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We celebrate 25 years of the iconic ‘Simpsons Restaurant’ in Birmingham with its Michelin starred executive chef Luke Tipping
Luke Tipping’s first cooking job was at the Plough and Harrow in Birmingham where he worked for over 5 years. This kitchen taught him the basics of classical cooking at a very high level. He moved onto various kitchens around Birmingham and overseas before joining the original Simpsons in Kenilworth in 1993, under the ownership of Andreas Antona. Luke gained a Michelin Star in 1999 and has retained it ever since. Century Design caught up with him at the recently and beautifully refurbished Edgbaston restaurant, home for Simpsons since 2004.
Simpsons is 25 this year – how have you marked the occasion?
We invited chefs that had worked for Simpsons from over the last 25 years to cook a special dinner with some of their favourite dishes from the past, for suppliers, family and old customers who have all supported us over the past 25 years.
Who has influenced your cookery the most – personally and professionally?
Recently Simon Rogan from L’Enclume. I really love his approach to food, his simplicity on the plate. He’s been increasingly successful without losing his true goal whilst training some incredibly talented chefs.
What’s your favourite go-to ingredient?
What’s your greatest strength in the kitchen?
What do you aspire to be as a chef?
What frustrates you in the kitchen?
Over preparation and waste drives me mad !
If you had to work for one chef in the world, who would it be?
If you could cook a meal for anyone, who would it be?
Paul Weller, my absolute hero.
What music was playing in the kitchen last night?
Mumford and Sons
What was the last book you read?
‘Positive Impact Golf’ by Brian Sparks, if you play golf it will make you think how you look at the way you play the game.
‘Larousse Gastronomique’ – every young chef should own this book.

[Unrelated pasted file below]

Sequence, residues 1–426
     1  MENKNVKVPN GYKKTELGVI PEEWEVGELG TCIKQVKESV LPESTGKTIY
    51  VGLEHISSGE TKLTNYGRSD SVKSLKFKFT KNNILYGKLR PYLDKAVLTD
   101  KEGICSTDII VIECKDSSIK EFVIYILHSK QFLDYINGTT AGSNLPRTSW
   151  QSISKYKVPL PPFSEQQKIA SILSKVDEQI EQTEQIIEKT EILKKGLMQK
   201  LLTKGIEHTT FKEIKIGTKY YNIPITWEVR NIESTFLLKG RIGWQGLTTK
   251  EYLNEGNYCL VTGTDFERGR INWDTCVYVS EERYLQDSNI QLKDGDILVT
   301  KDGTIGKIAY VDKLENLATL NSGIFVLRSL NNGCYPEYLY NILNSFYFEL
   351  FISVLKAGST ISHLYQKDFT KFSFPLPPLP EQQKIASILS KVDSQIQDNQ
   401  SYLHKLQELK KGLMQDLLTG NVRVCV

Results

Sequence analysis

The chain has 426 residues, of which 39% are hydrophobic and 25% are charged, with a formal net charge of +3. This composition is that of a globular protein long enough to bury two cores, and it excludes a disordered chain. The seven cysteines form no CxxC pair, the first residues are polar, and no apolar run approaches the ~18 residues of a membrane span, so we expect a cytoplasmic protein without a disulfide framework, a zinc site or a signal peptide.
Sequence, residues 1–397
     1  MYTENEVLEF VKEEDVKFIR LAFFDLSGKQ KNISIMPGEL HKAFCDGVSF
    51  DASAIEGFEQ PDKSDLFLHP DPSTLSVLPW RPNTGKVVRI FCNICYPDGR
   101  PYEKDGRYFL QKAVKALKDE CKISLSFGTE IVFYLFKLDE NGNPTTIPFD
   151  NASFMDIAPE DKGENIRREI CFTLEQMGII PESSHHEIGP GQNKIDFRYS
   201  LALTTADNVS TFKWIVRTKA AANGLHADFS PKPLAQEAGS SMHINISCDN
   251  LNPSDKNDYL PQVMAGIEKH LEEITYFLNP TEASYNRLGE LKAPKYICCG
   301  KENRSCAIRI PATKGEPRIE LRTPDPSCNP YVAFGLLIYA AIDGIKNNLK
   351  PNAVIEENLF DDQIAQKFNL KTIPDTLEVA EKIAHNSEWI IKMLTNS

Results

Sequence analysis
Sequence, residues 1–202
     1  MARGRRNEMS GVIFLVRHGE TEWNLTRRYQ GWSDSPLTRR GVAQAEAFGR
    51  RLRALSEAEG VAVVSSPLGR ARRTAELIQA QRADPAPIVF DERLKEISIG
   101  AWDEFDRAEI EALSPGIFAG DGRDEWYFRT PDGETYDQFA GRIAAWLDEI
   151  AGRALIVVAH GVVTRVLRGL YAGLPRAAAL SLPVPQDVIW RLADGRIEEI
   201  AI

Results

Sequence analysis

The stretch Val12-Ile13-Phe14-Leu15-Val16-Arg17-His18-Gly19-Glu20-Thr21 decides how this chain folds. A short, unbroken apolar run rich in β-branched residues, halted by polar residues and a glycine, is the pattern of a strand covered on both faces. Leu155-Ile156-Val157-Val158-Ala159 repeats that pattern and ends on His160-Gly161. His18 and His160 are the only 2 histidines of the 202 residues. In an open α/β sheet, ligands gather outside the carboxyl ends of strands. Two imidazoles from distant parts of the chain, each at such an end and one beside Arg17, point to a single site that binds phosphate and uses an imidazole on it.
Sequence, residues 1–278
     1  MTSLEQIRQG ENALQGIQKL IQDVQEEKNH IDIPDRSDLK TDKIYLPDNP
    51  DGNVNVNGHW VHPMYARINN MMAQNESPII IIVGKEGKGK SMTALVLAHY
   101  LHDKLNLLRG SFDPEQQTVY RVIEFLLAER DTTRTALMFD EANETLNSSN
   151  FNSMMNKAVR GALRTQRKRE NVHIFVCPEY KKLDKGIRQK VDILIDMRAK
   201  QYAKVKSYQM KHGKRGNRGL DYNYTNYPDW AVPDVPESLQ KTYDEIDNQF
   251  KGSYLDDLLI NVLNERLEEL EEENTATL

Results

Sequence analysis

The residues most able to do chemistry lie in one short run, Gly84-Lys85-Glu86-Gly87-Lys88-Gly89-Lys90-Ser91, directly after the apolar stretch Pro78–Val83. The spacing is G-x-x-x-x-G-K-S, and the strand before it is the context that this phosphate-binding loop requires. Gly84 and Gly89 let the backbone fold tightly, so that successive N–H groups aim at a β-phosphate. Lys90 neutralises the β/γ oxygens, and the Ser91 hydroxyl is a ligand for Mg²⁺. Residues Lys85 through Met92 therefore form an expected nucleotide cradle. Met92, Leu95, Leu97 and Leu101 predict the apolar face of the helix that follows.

What’s in your fridge at home?
What food is your guilty pleasure?
What do you think is the next worthwhile food/dining trend?
Recreating classics using modern technology.
How important to you is the tableware for your plating? Where do you think the design trend is heading?
It’s always important to get something beautiful to serve food on to make it look fantastic to eat. I think we’ll be returning to plain white plates very soon.
Besides Simpsons, where do you like to go and eat or relax in Birmingham?
I enjoy Pure Bar and Kitchen, which offers high quality simple food and incredible craft beers from the Purity Brewing Co.
Give us one reason Birmingham should be considered a culinary destination?
Birmingham is a melting pot of many communities with such diversity, from the famous Balti to Michelin stars and now the award winning street food.
Your last food-related ‘wow’ moment was?
At the Ritz in London – what a stunning dining experience and incredible food.
What’s your last meal on earth, if you had the chance to choose?
Lobster cocktail, a big juicy steak cooked over charcoal with chips and apple Tart Tatin.
Food Waste – Everyone’s Problem?
The benefits of recycling food waste may or may not be fully understood by all sectors of hospitality, however, the statistics around waste could not be starker.
An incredible 920,000 tonnes of food is wasted by U.K hospitality businesses each year, 75% of which is completely avoidable.
It is thought that an average sized restaurant will throw away the equivalent of £100,000 to landfill in wasted food every year. Imagine having that to spend on staff?
Landfill is expected to reach maximum capacity possibly by 2020 as the U.K continues to lag behind all 27 E.U countries when it comes to recycling food waste. Whilst it is getting easier for caterers to access recycling methods that can divert waste from landfill by converting food into green energy, so much more can be done to address the issue of waste as soon as fresh produce comes into the kitchen.
Reducing restaurant waste doesn’t have to be hard. Even something small like replacing paper napkins with cloth ones can help save your wallet and the environment in the long run. A larger investment like a POS system might seem like too big a cost to deal with, but tracking inventory helps to ensure you’re only buying what you need, and you can gauge when it will go bad. A big purchase now saves money in the long run whilst donating anything you can’t use can make a big difference to those in food poverty.
Little things will always help too – small plate and portion sizes, composting waste for recycled energy and even offering doggie bags can address a growing problem.